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When college isn’t the only route to success

UnCollege’s 9-month gap year initiative takes students out of the classroom and into the real world.
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When Daniel Moriarty began college last fall, he was already one step ahead of most of his peers. At just 18 years old, he had already answered the nagging question: What do you want to do with your life?

“I was convinced that I wanted to be an architect,” he recalls. “I was so sure about it. It was something I had thought about since the 6th grade.”

With a clear path in his mind, he enrolled at the New York Institute of Technology in Manhattan and began taking the required classes for a major in architectural design. Then, things started to change.

“I was learning about the field in the classroom every single day, swamped with work and all of a sudden, I started to grow distant from something I once had so much passion for,” he explains. “I started to almost hate architecture.”

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It was that epiphany that led him to UnCollege. Designed to give students a chance to direct their own learning rather than be confined by the parameters of their syllabus, the nine-month gap year program begins with a detour to another country.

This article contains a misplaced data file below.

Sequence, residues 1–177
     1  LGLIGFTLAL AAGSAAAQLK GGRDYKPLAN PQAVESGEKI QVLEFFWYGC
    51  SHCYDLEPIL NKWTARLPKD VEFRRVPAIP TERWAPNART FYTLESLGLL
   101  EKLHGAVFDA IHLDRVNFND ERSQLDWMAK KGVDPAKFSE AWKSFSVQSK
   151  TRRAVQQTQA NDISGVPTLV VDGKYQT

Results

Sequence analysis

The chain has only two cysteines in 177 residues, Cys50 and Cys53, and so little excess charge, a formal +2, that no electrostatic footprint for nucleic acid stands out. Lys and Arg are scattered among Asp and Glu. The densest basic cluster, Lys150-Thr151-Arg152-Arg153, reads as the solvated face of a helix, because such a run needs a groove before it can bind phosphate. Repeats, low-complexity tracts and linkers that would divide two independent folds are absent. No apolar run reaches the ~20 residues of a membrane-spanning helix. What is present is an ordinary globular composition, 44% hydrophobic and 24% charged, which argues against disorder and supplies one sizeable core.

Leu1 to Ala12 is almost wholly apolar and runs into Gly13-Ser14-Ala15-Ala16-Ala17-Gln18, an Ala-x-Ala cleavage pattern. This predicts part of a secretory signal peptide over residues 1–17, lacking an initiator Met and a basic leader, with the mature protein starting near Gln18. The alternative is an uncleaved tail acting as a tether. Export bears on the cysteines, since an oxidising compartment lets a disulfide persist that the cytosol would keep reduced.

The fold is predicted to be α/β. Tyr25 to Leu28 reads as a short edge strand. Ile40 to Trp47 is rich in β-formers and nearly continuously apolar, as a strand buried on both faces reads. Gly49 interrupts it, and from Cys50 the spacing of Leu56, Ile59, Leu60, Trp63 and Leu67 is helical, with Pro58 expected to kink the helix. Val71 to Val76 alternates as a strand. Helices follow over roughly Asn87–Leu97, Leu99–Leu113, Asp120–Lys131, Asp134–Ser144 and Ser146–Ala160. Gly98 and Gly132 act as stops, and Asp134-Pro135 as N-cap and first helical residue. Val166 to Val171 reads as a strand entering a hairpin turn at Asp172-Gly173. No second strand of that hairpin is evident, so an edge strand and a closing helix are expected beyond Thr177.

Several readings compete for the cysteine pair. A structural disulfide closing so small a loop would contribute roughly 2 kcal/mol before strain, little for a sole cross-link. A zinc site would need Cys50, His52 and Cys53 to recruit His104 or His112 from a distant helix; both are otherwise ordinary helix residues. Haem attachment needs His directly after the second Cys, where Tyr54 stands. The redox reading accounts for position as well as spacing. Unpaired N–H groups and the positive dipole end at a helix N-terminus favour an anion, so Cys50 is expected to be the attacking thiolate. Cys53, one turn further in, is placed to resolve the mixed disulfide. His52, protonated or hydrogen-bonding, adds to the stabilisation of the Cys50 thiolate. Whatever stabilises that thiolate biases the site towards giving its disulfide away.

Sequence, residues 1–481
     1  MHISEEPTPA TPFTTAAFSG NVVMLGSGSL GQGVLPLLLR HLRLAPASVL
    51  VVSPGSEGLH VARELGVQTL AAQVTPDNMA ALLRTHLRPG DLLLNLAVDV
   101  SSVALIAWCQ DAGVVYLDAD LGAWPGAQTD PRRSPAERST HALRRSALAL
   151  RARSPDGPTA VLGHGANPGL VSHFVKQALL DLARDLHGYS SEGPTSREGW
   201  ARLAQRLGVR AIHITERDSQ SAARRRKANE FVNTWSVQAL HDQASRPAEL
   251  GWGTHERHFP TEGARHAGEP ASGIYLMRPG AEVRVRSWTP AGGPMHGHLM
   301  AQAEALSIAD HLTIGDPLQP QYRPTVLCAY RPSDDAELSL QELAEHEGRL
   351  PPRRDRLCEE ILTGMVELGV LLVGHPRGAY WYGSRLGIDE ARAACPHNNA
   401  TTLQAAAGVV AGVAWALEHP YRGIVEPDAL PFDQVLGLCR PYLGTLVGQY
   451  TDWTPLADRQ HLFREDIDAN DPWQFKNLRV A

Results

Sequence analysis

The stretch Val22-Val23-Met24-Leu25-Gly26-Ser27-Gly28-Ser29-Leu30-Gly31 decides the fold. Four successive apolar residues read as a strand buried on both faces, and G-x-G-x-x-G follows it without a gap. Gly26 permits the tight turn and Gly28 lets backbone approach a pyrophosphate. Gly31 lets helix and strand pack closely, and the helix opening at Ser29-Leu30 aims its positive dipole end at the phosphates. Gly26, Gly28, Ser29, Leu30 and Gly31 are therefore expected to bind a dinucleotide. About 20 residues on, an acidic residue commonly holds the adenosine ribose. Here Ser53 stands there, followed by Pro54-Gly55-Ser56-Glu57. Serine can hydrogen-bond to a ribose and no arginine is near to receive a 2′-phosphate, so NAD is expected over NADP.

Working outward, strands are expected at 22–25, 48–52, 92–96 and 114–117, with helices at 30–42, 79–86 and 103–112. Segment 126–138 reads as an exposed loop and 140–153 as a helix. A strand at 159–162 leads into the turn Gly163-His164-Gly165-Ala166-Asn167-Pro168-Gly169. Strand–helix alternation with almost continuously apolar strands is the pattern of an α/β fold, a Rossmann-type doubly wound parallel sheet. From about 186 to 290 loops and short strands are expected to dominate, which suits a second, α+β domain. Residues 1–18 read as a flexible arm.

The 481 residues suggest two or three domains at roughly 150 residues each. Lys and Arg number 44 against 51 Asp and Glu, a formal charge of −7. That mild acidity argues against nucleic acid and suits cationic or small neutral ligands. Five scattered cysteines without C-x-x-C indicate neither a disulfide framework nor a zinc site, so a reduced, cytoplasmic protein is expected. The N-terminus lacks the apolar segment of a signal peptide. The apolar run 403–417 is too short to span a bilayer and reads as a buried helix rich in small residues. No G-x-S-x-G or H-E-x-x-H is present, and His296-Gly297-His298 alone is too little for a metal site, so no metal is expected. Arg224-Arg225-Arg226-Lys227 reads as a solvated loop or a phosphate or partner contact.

And while tuition isn’t cheap — the entire program costs $19,000 — the company believes that their end goal makes the price tag entirely worth it.

“We want to help students start thinking about who they are as people and what particular passions they want to pursue,” explains UnCollege’s CEO Charles Taibi. “We want them to have an experience that’s quite outside their comfort zone. It’s really about reflection and taking a step out of what was a very hyper-structured life in high school.”

For Moriarty, that meant packing his luggage and going to Brazil to spend 10 weeks volunteering with a local NGO.

He then traveled back to UnCollege’s headquarters in San Francisco to start learning the basics of adulting as part of the program’s “launch phase.”

“It was almost like the street-smarts for businesses stage. I learned the things I couldn’t really get from a textbook.”

During the 10-week duration, Moriarty learned how to network, cold email, interview and establish an effective personal brand. All of that helped him to secure an internship at the co-working space, Covo.

But the internship —the third and final stage of the program — wasn’t the end for him. His supervisor eventually offered him a position opening up their second location in St. Louis, Missouri. And he didn’t hesitate to accept.

“I figured I might as well take advantage of this time while I can,” explains Moriarty.

“While all of my friends are still in college, this is the time where I can fall, trip and mess up and then pick myself back up and experiment with what I want to do. I’ve still got a lot to learn.”